Have you ever looked over a child’s shoulder while they search the internet? There is so much indiscriminate clicking going on! Whatever comes up first must be what they are looking to find. Add to that interesting graphics and advertisements it isn’t long before where they’ve ended up isn’t in any way related to what they were looking for to begin with!
When using the internet with younger children, particularly third grade and lower, it is in your best interest to have a predefined set of websites selected for the students to utilize. This will focus the work time and help the students become more productive since the issue of website credibility and random searching will be eliminated. Even with older students I often tell them that they must first use the online encyclopedia before venturing into the search engines.
When learning to gather key points of information from a website I often choose a topic being studied by that class, provide a website of high content that I have located, and then ask the students to find five key points of interest and jot them down on paper. The idea of “points of interest” is always worth exploring with a class as often children choose isolated facts that are not important in the big picture of learning or even remotely interesting. This teaches the skill of scanning a web page. Often students will begin to read every word of a web page and then give up after the first or second paragraph. Learning to scan a page is a skill worth teaching and practicing.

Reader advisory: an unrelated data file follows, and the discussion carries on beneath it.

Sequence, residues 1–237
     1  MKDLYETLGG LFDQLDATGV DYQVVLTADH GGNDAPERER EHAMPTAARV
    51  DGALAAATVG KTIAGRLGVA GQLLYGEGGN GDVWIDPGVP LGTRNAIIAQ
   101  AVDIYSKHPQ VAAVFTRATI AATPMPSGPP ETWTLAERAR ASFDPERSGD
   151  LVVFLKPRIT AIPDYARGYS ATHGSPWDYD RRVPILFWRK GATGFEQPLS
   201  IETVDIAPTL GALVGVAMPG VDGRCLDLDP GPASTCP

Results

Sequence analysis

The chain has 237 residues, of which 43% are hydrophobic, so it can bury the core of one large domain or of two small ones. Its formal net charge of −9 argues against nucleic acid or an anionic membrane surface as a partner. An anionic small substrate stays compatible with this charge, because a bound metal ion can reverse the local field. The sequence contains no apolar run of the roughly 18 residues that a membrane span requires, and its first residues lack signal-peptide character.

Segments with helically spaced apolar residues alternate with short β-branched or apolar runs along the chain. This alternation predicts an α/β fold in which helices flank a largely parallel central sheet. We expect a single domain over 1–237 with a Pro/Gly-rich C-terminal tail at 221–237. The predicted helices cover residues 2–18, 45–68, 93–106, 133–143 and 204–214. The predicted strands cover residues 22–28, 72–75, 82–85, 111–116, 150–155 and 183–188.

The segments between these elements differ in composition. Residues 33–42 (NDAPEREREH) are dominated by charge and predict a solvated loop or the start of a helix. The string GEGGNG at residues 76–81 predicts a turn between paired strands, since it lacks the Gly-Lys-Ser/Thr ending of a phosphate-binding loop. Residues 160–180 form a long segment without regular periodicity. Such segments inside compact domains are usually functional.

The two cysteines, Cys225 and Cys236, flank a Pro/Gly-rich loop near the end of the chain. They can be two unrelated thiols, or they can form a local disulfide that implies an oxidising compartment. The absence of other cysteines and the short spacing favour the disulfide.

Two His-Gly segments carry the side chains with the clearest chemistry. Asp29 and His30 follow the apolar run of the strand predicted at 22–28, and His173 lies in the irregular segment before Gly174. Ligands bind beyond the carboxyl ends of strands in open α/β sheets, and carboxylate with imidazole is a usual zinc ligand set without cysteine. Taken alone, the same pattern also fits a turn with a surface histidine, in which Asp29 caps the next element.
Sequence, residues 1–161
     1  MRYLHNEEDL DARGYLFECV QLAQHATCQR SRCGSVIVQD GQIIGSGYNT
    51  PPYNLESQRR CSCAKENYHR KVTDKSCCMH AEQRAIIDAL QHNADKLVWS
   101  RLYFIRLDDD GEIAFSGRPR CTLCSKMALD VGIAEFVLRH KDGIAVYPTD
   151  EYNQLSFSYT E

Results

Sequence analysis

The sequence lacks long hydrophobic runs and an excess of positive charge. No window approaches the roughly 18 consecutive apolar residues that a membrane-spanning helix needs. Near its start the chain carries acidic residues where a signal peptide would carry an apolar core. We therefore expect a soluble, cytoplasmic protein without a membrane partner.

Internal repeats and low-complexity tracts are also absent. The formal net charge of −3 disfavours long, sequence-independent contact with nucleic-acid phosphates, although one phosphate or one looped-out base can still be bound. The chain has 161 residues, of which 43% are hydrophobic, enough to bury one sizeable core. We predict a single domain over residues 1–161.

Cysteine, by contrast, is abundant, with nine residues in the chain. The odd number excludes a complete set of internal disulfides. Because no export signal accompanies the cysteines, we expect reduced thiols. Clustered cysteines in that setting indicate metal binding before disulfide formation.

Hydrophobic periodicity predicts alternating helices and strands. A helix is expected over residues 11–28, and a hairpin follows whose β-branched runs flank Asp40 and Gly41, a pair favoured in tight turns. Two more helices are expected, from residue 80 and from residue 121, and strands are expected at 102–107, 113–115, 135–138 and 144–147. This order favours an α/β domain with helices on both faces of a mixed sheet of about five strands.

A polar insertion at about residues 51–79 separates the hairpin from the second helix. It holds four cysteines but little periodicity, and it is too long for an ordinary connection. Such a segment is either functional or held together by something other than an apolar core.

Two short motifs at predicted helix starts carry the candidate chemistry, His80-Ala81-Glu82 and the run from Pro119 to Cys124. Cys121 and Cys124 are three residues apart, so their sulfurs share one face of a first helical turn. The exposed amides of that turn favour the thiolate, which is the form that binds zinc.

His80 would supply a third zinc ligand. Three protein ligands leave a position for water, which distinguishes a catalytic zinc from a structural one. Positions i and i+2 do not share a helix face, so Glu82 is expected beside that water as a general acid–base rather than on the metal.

When citing sources, a common misunderstanding for students is that Google or any other search engine is the source. They cite that they found the information on Google. Helping students understand that Google is a method for finding information and not a source requires repetition. I find that students need to hear this over and over to fully understand the difference between a search engine and an actual web page source.
Trying to teach children to determine the credibility of a website is very difficult. I begin by explaining to students that anyone in the world can make a web page on any topic. I could make a website showing that the best tropical vacation would be to visit the North Pole in December. I could show tropical photos tied to a map of the North Pole. I could mix up photos from around the world and relate them all to a visit to the North Pole. There is an excellent website to show this point about taking a whale watching expedition in Lake Michigan. An excellent lesson is to send students to this website to gather key pieces of information. See how long it takes before one of your students questions the legitimacy of this site!
Teaching students to find information on the Internet is an important skill. The earlier we teach students how to find information by scanning pages will enhance the learning for all the research projects and activities throughout the school year.